Regarding the acquisition of a failed bank’s assets or deposits, which statement(s) describes your bank’s position? (Select all that apply.)
|All||Small bank||Large bank|
|We have already made an acquisition||2%||0%||4%|
|We are interested in being a bidder||42%||46%||36%|
|We have been an unsuccessful bidder||7%||7%||6%|
|We are interested in learning more about the process||18%||21%||15%|
|We are not interested in pursuing a failed bank||38%||34%||44%|
Growing in 2010
When asked about growth strategies for the next year, the majority of bankers (75%) say that their bank plans to achieve growth in the next 12 months by increasing deposit share in their marketplace.
“It’s no surprise the majority of bankers are leaning in the direction of increasing deposit share,” noted Mark. “Banks are seeing more opportunities at this time because of the ongoing consolidation in the industry.”
One-quarter of bankers report that they plan to acquire or build additional branches (26%), acquire another institution (26%) or offer additional products (25%) to achieve growth in 2010. The numbers are slightly better than last year’s results: 20% reported that they planned to grow though building additional branches, 22% through acquiring additional branches and 23% acquire another bank or financial institution.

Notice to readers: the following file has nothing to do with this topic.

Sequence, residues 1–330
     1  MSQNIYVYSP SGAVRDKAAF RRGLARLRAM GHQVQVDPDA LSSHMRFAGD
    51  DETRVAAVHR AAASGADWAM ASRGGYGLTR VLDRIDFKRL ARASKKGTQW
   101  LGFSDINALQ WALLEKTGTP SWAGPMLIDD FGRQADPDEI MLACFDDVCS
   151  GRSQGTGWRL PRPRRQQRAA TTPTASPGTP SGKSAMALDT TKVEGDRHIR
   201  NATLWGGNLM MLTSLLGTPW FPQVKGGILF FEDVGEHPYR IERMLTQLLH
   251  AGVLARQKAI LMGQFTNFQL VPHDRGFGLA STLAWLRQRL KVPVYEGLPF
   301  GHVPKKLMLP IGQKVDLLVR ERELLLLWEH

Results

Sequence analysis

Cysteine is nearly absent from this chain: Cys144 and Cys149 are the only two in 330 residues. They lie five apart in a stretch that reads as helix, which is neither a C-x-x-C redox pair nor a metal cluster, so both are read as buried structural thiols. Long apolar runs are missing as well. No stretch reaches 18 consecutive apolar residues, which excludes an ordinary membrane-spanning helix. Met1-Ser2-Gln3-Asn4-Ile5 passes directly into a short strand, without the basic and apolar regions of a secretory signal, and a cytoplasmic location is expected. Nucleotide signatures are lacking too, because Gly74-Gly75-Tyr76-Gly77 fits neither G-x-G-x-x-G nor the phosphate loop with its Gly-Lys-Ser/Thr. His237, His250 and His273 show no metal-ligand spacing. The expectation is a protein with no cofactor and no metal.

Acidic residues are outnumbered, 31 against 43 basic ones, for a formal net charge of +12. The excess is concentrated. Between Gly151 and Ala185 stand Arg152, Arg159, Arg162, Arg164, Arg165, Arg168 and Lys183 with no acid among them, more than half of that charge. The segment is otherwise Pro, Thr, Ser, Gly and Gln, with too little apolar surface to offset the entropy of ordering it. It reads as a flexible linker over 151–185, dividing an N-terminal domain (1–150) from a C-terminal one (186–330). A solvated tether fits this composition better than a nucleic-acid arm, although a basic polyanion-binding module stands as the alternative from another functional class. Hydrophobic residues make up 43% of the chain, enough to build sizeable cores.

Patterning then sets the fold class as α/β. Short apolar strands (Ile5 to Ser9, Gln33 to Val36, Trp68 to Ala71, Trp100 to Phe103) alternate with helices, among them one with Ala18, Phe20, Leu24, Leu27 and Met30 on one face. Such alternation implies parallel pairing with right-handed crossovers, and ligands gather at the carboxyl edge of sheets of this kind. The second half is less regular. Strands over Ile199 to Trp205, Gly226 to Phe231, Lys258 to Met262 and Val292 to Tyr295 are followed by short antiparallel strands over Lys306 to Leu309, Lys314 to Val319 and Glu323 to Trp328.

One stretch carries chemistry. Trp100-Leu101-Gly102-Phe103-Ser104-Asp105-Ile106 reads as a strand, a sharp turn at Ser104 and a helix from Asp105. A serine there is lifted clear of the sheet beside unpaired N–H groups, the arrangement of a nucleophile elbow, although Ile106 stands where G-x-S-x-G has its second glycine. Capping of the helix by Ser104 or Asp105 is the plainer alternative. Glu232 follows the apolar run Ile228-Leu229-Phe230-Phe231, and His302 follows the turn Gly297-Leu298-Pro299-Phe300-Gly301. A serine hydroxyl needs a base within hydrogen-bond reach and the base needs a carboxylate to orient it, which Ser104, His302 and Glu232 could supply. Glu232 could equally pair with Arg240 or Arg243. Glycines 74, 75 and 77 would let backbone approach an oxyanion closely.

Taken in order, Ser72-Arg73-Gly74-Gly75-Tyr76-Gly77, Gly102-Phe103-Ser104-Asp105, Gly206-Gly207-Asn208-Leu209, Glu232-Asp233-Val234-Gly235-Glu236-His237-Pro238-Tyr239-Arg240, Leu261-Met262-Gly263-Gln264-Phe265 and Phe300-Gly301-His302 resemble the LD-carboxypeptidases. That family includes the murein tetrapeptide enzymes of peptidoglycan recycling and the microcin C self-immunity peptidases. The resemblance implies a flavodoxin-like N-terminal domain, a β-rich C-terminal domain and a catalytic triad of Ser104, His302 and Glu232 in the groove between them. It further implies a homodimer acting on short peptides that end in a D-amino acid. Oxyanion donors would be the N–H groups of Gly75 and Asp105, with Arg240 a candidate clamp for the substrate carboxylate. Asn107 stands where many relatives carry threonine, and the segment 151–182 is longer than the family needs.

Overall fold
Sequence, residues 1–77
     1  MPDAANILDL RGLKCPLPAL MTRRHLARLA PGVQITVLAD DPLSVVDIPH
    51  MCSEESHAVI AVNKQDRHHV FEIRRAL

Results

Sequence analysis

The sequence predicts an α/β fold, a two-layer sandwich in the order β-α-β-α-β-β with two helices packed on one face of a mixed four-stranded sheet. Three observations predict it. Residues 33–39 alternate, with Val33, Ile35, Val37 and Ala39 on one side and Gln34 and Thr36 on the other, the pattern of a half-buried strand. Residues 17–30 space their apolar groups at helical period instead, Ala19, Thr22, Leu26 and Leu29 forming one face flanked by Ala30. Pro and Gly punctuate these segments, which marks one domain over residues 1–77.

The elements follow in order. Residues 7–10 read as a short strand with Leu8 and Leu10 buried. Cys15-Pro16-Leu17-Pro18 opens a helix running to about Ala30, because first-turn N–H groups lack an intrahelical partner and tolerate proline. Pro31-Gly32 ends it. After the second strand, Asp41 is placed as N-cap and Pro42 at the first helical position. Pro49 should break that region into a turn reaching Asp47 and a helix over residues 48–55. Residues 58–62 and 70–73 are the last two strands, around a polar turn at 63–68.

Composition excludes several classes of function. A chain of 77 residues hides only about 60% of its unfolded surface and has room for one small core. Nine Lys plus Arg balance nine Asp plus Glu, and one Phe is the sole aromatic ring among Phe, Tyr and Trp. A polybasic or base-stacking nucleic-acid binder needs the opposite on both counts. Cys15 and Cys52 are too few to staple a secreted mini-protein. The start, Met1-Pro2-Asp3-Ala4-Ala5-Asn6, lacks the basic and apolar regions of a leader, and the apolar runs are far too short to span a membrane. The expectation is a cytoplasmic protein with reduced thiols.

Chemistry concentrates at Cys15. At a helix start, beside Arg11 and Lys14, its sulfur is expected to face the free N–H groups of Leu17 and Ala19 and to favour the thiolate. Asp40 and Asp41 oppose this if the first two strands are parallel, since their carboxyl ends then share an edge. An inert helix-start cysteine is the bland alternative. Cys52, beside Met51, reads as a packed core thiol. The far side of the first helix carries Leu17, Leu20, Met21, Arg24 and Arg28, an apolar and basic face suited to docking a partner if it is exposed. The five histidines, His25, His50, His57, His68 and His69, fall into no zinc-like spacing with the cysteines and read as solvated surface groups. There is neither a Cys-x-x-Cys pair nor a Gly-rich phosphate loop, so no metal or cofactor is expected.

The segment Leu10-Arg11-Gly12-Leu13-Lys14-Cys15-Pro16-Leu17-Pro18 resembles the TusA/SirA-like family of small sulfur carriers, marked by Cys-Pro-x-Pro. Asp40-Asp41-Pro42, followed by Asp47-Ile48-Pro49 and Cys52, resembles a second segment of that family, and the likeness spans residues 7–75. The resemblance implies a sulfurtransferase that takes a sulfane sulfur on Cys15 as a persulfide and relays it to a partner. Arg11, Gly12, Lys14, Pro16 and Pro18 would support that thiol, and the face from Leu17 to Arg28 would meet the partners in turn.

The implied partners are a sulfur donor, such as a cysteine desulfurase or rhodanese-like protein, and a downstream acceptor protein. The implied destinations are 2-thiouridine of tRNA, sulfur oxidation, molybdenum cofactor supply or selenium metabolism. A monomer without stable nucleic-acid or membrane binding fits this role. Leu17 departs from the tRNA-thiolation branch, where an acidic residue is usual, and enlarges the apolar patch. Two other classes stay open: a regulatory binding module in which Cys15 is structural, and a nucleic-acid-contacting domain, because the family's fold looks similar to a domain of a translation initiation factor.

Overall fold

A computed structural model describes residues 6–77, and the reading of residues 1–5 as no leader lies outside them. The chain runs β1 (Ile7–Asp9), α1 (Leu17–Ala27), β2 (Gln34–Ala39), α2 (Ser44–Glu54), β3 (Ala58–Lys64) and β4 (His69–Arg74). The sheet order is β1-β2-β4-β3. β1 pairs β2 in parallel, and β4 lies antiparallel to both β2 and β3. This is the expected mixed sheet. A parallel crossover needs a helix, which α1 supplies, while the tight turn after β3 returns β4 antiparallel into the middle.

“With one-quarter of bankers reporting that they have no plans for growth for the upcoming year, expansion may not be on all bankers’ minds,” said Ziegelbauer. “Some banks may feel that it is more appropriate to focus on stabilizing operations.”
“I have to say, it’s interesting to see the results of these two questions together,” noted Ziegelbauer. “While a majority of bankers say they are interested in pursuing a failed bank, the data actually shows that only a quarter are actually planning on acquiring an institution — failed or otherwise — in the next 12 months. Clearly there is some disconnect here.”
Which of the following actions do you plan to take to achieve growth in the next 12 months?* (Select all that apply.)
|Acquire or build additional branches||26%|
|Acquire another institution||26%|
|Increase deposit share in your marketplace||75%|
|Offer additional products||25%|
|Offer additional services||19%|
* There was an additional answer option of “No growth planned for the next 12 months,” which received 26% response rate. Those respondents were removed from the table above and the results were recalculated without them.
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About the Survey
Grant Thornton LLP and Bank Director magazine conducted this national survey of bank CEOs and CFOs from Nov. 17 through Dec. 3, 2009, with 246 respondents. Sixty-one percent of the respondents were from small banks (those with less than $500 million in estimated assets at the end of 2009), while the remaining 39 percent were from large banks (those with more than $500 million in estimated assets at the end of 2009). Regarding ownership structure, 37 percent report that they are public institutions, 42 percent are private and 21 percent are mutual. Visit www.GrantThornton.com/banksurvey.
About Grant Thornton LLP